Helping a tenant who has had a stroke?

Helping a tenant who has had a stroke?

0:03 AM, 3rd April 2024, About 2 weeks ago 6

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Hello, I have had a great tenant for the last 16 years, always paid on time, he kept the place reasonable tidy, always phoned if there was a leaking tap etc and I would repair it within a couple of days.

I have not hiked his rent massively, just the odd £10 or £20 over the years as he had a messy divorce and was skint when he first arrived, so it is probably 40-50% below the market rate.

Unfortunately, he has had a massive stroke paralysing half his body and he is currently in hospital, bed bound. He will need a minimum of 4 care visits a day if he comes out.

The rented property is an upper floor split level Victorian flat.

Are there adaptations I need to do by law for him or do I just wait for a social services/fire service report?

Thank you,


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Reluctant Landlord

10:12 AM, 3rd April 2024, About 2 weeks ago

do nothing at the moment await contact from social services (if you get anything at all) or perhaps a relative. If he is paying the rent then all is well.

You do not legally obliged to do anything in regard to adaptions. They can be requested by the tenant but you don't need to say yes and if its a flat you may need freeholder permission anyway.

Sounds bad but it may be the flat is going to be unsuitable for his longer term needs it might need to consider giving it up? There are a million scenarios, but at the end of the day you may have to come to an agreement with him going forward in light of his stroke and new circumstances that benefits you both. I'd try and establish if he has a next of kin in the interim to see if you can open a communication channel if its going to be difficult with him directly.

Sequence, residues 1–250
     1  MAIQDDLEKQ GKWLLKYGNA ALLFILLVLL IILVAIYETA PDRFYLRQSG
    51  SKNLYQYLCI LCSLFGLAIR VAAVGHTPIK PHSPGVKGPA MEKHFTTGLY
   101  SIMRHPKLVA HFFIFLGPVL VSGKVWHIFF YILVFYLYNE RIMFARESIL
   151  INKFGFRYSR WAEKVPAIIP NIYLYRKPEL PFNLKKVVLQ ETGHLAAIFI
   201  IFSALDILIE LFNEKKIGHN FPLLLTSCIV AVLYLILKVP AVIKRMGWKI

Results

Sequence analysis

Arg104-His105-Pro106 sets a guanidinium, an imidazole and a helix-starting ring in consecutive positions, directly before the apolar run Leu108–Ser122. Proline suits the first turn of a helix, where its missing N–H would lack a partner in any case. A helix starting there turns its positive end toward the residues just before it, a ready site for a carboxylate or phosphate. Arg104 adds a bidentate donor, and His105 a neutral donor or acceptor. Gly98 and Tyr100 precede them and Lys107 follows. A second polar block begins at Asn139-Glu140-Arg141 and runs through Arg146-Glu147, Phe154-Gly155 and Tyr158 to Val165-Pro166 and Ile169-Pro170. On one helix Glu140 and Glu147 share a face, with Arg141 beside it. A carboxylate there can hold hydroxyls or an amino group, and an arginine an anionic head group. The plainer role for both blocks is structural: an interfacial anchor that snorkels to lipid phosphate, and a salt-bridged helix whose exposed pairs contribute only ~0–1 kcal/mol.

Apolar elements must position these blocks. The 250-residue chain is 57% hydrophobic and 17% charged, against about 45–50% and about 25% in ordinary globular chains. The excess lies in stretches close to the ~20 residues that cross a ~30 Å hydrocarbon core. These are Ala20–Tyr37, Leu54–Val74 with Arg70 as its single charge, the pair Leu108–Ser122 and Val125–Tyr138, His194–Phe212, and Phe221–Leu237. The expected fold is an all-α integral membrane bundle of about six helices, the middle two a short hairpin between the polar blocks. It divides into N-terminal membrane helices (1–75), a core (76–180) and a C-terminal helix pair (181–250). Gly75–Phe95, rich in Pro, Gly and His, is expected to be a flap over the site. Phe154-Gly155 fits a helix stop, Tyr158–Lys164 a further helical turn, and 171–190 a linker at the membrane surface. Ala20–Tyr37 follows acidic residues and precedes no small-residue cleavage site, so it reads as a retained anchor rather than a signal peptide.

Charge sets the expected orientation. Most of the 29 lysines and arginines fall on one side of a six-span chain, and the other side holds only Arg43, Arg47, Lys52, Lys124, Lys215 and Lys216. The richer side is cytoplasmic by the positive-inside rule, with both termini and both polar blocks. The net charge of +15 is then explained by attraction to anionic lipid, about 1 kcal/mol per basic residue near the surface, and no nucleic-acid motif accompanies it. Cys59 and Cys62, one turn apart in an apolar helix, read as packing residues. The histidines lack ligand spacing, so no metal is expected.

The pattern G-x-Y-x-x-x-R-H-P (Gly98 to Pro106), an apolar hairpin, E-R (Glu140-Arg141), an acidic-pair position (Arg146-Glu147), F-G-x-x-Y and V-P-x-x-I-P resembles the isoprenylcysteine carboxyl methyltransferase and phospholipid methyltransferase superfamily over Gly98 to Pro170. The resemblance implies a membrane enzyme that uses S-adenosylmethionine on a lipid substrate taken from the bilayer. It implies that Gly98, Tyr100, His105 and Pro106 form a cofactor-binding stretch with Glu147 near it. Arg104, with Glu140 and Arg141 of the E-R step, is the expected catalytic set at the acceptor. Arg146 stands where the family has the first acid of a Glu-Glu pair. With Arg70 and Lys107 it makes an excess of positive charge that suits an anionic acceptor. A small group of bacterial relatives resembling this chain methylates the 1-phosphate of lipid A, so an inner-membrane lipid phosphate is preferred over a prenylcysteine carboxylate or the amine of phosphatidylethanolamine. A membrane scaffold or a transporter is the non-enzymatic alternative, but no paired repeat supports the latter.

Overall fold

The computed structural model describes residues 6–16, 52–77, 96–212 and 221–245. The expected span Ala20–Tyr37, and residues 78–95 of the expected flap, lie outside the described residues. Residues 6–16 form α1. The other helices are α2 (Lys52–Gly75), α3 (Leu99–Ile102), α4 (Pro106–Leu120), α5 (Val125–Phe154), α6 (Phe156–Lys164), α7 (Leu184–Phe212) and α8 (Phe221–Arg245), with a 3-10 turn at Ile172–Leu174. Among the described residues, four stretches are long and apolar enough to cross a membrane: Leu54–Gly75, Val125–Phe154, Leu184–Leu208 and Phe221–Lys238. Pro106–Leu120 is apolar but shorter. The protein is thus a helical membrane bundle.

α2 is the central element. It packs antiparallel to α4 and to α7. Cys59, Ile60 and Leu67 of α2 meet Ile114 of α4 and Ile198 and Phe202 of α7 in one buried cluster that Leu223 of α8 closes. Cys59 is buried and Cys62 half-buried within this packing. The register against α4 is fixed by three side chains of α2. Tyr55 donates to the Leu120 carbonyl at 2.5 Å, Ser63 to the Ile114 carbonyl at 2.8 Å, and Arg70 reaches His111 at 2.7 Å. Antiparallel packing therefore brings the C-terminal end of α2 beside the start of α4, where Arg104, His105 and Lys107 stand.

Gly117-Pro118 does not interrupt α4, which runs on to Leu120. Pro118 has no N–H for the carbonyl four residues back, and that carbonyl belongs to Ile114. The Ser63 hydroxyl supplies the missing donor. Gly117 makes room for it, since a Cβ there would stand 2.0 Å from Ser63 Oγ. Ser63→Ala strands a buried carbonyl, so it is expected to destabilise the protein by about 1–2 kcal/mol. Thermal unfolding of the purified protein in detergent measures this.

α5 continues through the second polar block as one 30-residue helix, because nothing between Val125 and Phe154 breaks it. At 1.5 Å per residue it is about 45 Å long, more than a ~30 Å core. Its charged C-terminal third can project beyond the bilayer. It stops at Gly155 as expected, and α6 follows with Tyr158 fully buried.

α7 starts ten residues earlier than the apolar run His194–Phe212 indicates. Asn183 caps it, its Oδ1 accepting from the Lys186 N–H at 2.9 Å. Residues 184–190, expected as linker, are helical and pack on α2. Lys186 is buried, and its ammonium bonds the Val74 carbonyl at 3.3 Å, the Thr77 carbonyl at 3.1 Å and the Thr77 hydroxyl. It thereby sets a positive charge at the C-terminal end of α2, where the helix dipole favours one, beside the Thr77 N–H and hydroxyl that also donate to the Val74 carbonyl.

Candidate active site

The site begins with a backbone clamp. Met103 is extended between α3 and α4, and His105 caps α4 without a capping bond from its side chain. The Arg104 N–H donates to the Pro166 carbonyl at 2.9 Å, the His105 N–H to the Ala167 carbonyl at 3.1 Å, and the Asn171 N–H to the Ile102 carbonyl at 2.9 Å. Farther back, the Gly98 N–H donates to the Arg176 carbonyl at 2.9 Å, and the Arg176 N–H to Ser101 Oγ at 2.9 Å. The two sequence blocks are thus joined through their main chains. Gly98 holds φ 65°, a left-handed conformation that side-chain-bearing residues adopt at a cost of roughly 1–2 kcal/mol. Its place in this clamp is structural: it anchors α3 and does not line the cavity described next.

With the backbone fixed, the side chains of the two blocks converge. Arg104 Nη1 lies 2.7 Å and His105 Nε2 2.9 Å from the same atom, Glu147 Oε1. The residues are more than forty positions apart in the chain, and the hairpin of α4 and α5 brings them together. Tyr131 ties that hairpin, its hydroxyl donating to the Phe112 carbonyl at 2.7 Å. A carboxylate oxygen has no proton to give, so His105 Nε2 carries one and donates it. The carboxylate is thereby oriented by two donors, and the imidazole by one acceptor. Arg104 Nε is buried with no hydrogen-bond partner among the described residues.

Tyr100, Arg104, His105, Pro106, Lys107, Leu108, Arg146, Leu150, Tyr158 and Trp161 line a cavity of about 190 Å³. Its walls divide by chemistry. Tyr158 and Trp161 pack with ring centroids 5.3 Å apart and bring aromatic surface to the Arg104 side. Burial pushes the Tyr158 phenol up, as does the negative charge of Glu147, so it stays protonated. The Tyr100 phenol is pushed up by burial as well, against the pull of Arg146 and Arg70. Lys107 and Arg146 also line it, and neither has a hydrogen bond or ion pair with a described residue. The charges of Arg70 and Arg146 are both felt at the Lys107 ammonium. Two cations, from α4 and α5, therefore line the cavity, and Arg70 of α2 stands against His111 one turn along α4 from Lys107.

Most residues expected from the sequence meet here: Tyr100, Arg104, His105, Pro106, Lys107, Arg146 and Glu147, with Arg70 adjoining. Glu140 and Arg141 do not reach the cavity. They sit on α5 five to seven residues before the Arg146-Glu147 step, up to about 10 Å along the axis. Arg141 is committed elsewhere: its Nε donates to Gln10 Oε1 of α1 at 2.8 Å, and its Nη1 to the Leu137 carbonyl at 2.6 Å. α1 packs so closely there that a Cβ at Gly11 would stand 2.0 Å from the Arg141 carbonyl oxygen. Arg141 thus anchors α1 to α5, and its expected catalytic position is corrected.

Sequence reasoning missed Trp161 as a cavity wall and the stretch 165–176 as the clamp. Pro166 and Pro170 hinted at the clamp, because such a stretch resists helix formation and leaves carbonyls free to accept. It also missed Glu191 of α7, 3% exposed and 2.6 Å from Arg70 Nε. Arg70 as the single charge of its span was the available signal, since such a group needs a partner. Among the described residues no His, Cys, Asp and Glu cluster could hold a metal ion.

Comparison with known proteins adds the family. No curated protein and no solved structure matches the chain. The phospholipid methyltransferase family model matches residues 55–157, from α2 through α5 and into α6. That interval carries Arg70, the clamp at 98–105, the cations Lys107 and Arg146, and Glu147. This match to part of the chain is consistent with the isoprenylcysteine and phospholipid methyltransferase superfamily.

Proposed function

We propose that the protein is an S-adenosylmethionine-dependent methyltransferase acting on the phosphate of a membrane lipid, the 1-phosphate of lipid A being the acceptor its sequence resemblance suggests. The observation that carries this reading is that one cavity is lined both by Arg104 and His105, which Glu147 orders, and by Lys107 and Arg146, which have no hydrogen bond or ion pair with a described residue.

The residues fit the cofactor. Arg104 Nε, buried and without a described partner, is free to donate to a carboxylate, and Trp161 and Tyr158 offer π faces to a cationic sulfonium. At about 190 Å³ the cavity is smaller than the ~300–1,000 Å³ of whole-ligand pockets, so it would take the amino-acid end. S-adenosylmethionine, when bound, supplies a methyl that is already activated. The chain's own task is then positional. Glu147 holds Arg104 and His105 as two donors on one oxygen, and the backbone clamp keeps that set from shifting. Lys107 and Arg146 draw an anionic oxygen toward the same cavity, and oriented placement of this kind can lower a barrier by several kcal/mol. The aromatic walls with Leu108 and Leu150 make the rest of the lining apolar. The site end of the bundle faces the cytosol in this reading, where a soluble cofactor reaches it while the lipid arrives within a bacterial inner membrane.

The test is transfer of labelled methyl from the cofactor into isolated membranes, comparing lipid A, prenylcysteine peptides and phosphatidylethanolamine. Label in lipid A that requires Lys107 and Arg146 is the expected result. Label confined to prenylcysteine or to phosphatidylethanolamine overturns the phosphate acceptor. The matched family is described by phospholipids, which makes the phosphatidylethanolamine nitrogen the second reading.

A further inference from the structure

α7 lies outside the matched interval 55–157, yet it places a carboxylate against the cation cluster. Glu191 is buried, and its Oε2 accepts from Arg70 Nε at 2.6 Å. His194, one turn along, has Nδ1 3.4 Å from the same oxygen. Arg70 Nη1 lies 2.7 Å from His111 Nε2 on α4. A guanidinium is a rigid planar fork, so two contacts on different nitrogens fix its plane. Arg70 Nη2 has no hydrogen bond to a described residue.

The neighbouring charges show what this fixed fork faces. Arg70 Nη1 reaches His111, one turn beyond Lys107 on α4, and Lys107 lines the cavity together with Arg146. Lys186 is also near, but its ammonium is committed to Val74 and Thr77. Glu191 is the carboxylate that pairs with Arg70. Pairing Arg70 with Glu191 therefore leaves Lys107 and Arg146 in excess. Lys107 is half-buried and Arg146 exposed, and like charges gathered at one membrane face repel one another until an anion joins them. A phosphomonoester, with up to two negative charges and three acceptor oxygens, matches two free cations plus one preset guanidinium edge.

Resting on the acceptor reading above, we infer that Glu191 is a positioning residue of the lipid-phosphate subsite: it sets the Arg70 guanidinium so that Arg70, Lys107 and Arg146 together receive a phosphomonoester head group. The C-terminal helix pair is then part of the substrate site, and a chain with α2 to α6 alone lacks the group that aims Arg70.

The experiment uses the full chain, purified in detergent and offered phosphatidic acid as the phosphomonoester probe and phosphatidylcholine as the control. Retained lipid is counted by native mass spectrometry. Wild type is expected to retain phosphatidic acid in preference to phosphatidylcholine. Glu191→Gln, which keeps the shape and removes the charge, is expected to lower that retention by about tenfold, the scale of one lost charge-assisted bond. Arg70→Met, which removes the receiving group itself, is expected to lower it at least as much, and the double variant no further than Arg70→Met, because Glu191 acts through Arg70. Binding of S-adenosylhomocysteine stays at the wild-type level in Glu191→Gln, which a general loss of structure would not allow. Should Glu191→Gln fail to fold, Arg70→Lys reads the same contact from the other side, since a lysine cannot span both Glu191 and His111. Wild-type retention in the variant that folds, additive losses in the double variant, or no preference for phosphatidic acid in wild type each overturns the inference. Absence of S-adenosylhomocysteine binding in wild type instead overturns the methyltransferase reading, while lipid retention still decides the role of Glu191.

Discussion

13:56 PM, 3rd April 2024, About 2 weeks ago

Reluctant Landlord offers sound advice for immediate action.

It may be that the Hospital won't let him go home if the first thing he will do is fall over and go back? His family circumstances will decide the issue?


15:03 PM, 3rd April 2024, About 2 weeks ago

I'd certainly do nothing until you have a lot more information regarding any hospital discharge / return home. It's very much dependent on the severity and recuperation from the stroke. My Father was discharged after 7 days in hospital as, they assessed, the physical impact was minimal. An Occupational Therapist did a home assessment in terms of any needs or adaptations. However, an acquaintance had a more severe stroke recently and has just been transferred to a rehabilitation unit, after 8 weeks in hospital. The timeline for being there is unknown, it is dependent on rehab/physio progress but months rather than weeks is the guess.
I'd say it's impossible to know at this stage if your property will require any adaptations or if it will even be suitable, in the long term.
All you can do is ensure you have communication with a representative of your tenant, get regular updates on progress and that they or someone will be arranging to continue to pay the rent.
Another consideration, if the property will be empty for a longer period, you may need to contact your insurers.


17:35 PM, 3rd April 2024, About 2 weeks ago

Private landlords do not have to pay for adaptations to a property, and can in most cases object. I know of landlords that allowed stairlifts and modified baths to be installed - however they had to be removed (at the landlords cost) when the tenants eventually went into a home. Myself, I had a deaf chap in my property and he said I had a legal duty to install a special doorbell that flashed a light in the lounge. As he was deaf I wrote a letter to him as the modification wasn't vast saying he could install it at his own expense. Needless to say he didn't.

Cider Drinker

19:50 PM, 3rd April 2024, About 2 weeks ago

Reply to the comment left by GlanACC at 03/04/2024 - 17:35
I think there is such a thing as ‘reasonable adjustment’.

A few quid for a flashing doorbell sounds reasonable to me. A stairlift costing £thousands less so.

In any event, waiting to see what is requested must be the way to go. Then, assess the resonableness.


21:15 PM, 3rd April 2024, About 2 weeks ago

Reply to the comment left by Cider Drinker at 03/04/2024 - 19:50
Actually, it was about £400 .. the doorbell had to powered and wires drilled through the frame. Meant a whole new electrical circuit needed installing as no nearby power was available

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